Last Updated on June 4, 2020 by Nancy Carteron, MD, FACR
Lightning Bolts? Hearts? Bald?
Whatever your preference, there’s certainly no doubt of the huge industry centered around what you do and don’t do with your pubic hair.
Bikinis are getting smaller, porno is chock full of shaved genitals, celebrities are talking about their newly vajazzled lady-bits, and as a result, everyone wants to hop on board the hair removal trend (if they haven’t already).
But, should you?
Is there a limit to the amount of hair you can safely remove while still protecting your genitals from unwanted infections? Can removing pubic hair cause infections? Why all the fuss about our bushes anyway?
I’ve recently come across a lot of articles emphasizing what they’re calling ‘a war on pubic hair’ aimed at bucking the pubic hair removal trend. Personally, after performing in ‘The Vagina Monologues’ this past spring, I too have taken a new stance on my vajay and the amount of hair I wish to maintain.
However, all of it comes down to personal preference once you’ve had an opportunity to consider the important medical factors as well.
Despite all of the media’s attention or enthusiastic persuasions from your partner, what you do with your pubic hair is your own business.
Also, hair (a little or a lot) down there isn’t gross; let’s just squash that opinion right here and now.
Pubic hair has a very important purpose, and it’s entirely up to you whether you choose to maintain a full 70’s bush, a landing strip or the bald look. I repeat, what you do with the hair on your genitals is YOUR business.
Don’t let someone tell you what you should do unless you’ve explicitly welcomed and asked for their input.
The Factual/Medical Details
Pubic hair actually does have a purpose.
It provides cushion against friction that can cause skin abrasions and injury and protection from unwanted pathogens (ie. STDs). It also houses all sorts of sexy pheromones – should you wish to keep some of it in its place – contributing to that enticing smell you notice when your partner opens their legs.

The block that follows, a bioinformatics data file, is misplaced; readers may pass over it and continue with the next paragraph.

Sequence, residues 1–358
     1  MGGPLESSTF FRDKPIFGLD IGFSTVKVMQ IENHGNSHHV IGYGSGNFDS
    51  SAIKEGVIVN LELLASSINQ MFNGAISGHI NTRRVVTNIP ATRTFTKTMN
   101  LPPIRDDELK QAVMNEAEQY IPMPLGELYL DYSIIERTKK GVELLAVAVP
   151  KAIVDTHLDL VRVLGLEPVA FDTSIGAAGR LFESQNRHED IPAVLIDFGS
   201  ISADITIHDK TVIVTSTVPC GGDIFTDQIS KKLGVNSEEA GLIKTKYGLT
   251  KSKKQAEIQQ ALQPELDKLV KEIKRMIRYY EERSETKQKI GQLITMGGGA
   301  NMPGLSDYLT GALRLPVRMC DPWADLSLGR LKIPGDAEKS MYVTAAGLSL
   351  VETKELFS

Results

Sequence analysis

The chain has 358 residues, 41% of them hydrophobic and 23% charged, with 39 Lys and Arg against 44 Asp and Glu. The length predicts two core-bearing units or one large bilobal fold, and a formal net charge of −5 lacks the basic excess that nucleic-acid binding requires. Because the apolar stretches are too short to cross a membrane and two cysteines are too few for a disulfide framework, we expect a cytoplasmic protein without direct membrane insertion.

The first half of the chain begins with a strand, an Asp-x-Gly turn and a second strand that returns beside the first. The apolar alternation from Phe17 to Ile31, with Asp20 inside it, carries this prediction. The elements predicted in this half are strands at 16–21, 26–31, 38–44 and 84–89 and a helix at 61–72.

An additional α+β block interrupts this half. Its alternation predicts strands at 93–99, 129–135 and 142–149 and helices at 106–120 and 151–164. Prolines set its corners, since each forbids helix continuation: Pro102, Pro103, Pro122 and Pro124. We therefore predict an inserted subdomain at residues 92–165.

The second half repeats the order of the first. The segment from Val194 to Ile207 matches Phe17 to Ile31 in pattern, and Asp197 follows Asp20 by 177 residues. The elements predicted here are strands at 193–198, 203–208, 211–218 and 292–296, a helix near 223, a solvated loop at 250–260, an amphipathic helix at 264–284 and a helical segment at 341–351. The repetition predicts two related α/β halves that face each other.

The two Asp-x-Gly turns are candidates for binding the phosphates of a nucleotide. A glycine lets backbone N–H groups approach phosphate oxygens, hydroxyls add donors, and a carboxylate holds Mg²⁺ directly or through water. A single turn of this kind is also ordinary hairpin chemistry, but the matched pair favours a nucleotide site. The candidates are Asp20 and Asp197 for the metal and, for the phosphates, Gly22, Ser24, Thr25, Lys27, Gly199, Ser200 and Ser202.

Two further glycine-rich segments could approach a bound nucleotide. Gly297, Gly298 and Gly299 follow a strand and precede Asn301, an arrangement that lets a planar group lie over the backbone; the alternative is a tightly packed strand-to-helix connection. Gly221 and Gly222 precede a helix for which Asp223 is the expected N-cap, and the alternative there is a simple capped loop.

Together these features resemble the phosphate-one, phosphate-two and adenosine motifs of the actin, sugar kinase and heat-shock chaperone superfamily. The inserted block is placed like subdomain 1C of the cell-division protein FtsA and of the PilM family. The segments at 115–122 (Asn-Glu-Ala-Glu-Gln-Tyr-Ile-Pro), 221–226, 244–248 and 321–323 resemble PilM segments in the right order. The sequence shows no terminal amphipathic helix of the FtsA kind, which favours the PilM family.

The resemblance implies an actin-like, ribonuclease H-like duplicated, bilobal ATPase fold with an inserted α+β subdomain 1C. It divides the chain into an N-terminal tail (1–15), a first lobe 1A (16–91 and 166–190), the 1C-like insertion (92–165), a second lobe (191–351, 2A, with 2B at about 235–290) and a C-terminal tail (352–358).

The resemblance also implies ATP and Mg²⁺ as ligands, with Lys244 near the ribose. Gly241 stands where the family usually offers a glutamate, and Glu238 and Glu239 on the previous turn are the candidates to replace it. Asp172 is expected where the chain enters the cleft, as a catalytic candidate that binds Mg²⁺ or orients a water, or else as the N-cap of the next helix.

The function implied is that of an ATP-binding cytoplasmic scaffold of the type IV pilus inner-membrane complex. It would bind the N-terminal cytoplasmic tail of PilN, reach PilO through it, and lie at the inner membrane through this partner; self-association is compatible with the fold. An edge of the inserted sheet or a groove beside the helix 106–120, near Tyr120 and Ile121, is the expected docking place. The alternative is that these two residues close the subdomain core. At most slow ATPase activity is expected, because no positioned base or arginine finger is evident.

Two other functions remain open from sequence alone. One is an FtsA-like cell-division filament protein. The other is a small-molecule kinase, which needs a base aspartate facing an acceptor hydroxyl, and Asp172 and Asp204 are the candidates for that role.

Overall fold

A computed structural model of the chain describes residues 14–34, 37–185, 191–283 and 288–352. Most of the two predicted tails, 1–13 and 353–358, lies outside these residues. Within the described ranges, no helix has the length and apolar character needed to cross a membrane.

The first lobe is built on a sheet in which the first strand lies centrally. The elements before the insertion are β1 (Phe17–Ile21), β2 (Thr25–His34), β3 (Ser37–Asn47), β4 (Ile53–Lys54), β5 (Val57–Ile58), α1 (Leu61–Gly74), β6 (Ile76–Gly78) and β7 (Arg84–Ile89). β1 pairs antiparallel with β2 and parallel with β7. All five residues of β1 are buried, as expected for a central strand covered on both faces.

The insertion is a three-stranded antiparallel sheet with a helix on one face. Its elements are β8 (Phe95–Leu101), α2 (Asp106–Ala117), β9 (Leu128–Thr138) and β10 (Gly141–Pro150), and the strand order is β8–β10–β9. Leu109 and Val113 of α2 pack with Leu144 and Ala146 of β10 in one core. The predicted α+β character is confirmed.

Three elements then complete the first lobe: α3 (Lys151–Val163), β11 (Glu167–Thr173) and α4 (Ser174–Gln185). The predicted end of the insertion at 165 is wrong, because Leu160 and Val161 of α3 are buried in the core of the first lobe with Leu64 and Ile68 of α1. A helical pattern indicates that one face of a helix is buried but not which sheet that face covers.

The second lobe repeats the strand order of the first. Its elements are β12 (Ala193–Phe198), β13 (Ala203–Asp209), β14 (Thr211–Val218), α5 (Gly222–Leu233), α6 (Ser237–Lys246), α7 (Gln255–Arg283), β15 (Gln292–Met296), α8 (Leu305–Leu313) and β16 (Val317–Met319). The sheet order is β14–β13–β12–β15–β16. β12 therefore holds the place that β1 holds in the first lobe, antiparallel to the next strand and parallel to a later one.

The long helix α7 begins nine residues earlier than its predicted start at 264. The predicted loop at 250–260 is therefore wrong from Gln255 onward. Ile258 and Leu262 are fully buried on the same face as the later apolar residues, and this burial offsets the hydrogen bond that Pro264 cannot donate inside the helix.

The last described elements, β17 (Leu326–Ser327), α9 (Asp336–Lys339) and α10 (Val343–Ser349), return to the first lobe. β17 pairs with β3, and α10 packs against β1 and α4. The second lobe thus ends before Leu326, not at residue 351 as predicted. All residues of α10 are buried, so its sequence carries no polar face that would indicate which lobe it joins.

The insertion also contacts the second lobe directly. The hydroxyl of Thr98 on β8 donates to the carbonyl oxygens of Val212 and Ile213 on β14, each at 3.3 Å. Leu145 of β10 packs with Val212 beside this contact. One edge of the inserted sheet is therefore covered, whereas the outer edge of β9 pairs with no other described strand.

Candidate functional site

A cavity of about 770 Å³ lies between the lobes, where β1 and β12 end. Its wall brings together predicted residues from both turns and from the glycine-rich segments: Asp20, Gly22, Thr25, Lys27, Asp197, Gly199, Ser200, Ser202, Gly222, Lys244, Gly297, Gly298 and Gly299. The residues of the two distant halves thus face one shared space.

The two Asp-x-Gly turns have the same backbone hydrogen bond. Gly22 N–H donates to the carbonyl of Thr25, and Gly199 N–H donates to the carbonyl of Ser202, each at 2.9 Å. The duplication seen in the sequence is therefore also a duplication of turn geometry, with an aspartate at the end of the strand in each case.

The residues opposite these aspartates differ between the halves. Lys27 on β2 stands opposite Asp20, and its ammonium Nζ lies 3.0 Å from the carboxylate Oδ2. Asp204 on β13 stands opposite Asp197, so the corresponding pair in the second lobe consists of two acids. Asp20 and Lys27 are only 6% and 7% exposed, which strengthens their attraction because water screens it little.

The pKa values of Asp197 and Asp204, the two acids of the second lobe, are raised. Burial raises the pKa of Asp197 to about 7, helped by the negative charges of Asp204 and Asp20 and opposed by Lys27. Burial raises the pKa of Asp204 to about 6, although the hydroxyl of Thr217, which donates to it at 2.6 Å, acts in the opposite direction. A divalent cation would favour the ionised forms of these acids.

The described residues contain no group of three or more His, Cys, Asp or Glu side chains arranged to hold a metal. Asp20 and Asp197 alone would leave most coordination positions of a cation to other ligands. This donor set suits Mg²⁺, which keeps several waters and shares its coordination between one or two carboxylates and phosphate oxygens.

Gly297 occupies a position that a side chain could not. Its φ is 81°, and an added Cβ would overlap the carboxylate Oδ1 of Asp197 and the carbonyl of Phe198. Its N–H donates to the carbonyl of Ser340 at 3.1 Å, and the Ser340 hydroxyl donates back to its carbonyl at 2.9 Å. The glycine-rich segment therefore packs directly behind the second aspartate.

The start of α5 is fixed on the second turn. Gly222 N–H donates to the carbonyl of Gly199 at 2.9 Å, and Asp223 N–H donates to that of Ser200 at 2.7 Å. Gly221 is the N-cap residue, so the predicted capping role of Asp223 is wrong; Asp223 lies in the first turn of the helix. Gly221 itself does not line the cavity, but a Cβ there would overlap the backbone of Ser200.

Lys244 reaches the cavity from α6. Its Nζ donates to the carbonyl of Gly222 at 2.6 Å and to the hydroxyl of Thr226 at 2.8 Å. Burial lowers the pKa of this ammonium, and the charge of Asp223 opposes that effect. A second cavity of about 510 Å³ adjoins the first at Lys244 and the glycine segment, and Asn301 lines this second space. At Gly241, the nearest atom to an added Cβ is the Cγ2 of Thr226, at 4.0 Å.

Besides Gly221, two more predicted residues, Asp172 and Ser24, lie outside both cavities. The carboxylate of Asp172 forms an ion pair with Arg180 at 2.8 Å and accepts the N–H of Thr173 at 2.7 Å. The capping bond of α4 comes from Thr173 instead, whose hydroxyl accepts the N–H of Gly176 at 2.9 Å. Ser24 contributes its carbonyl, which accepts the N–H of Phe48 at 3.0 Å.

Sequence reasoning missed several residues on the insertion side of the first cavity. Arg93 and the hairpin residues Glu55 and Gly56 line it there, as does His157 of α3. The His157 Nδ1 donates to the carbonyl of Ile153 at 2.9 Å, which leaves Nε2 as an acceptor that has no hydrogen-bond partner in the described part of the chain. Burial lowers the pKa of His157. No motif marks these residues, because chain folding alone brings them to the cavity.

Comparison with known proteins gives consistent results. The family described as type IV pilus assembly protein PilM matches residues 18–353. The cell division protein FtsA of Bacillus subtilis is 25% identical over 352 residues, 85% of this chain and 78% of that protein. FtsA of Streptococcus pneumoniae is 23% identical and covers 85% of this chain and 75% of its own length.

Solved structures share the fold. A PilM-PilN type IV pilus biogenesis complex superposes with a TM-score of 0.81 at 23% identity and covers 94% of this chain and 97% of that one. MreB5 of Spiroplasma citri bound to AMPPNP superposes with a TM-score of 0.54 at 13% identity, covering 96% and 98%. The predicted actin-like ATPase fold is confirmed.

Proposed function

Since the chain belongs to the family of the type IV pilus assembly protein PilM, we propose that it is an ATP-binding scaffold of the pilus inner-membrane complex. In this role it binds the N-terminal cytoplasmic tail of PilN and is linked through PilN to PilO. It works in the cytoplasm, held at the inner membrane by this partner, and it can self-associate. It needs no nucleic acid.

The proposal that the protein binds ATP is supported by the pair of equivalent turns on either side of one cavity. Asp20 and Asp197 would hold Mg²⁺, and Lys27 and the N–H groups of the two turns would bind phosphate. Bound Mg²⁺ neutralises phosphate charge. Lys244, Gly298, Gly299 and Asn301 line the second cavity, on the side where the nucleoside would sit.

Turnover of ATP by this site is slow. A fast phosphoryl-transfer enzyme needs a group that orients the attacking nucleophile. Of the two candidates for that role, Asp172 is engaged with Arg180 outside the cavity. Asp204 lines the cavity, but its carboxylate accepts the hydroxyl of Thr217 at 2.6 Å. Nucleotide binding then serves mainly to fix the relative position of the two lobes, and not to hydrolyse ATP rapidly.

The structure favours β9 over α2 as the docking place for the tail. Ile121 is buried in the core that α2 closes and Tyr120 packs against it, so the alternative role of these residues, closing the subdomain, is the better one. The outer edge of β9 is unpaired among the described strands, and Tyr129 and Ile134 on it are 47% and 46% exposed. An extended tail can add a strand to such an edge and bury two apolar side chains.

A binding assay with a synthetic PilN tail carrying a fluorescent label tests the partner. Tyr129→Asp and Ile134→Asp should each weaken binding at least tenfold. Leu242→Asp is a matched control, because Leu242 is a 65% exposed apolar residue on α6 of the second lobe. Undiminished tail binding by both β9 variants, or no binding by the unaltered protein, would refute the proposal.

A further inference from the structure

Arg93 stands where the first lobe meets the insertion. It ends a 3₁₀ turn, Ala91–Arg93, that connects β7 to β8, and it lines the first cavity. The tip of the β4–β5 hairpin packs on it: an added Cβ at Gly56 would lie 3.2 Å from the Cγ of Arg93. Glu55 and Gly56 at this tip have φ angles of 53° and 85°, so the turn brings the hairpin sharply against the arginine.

When someone shaves, waxes, tweezes (Ouch!) or otherwise removes the hair around their genitals, microscopic wounds are formed and provide an entry point for bacteria, parasites, and viruses. When additional irritation is combined with the warm moist environment of the genitals, it becomes a happy place for pathogen growth.
Thus, any kind of hair removal can provide an opportunity for contracting an STD and increases one’s risk.
Waxing, shaving, etc. and the effects of those procedures increases the risk for contracting STDs that are transmitted via fluids such as Chlamydia and Gonorrhea and poses a significant increased risk of contracting STDs that are transmitted via skin-to-skin contact such as HPV and Herpes.
French, Brazilians, Getting Professionally Trimmed
When using a professional service, viruses and bacteria can be spread from one client to another via contaminated scissors, tweezers, or surfaces.
Reusing the same spatula on multiple clients violates health codes, but it’s been known to happen and can spread microorganisms from previous clients that received a wax before you. Some salons don’t change the bikini wax as often as they should. Number one reason – it’s not cost effective, but worse than that is double dipping. Double dipping in the wax will hold the bacteria in the wax and not kill it.
Waxing in particular can be risky because the hot wax can irritate or tear the fragile skin in the bikini area, leading to infections, ingrown hairs and rashes.
Bikini waxes which remove more hair from the genital area, such as a Brazilian or French bikini waxing, will get closer to the vagina and for that reason can pose a higher risk of contracting or transmitting an STD.
What Can You Do?
Not ready to go all 70’s big bush, free-love style? That’s ok.
So, how do you achieve pubic perfection without winding up with an unwanted infection?
Here’s a list of things you can do to minimize inflammation, microscopic cuts, abrasions, and your overall risk of contracting or transmitting STDs:
- Consider shaving or waxing less of the area you previous manicured or less often
- Apply hydrocortisone cream or an OTC antibiotic cream after your maintenance routine
- Only book professional services at salons with fully licensed estheticians and stringent health policies, like soaking tools in hospital-grade disinfectant between procedures
- Apply pure aloe vera to freshly shaven and waxed areas to speed healing time
- Don’t shave, wax, etc. directly before engaging in sexual activities – allow time for your body to heal the small wounds that occur but are not always noticeable to the naked eye
- Always use fresh, clean and sharp razors
- Moisten the area before shaving with warm water to help soften hair follicles
Yes, you can have the lightning bolt or landing strip of your dreams, but be smart, aware of your risks, and consider some additional steps to negate your risk of infection.
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Did this post change your mind about shaving, waxing, or otherwise tending to your ‘lady-parts’? Are you a big fan of pubic hair already or have you found some additional solutions to help reduce your risk of contracting or transmitting an STD when it comes to pubic hair? Share your thoughts in the comments section below!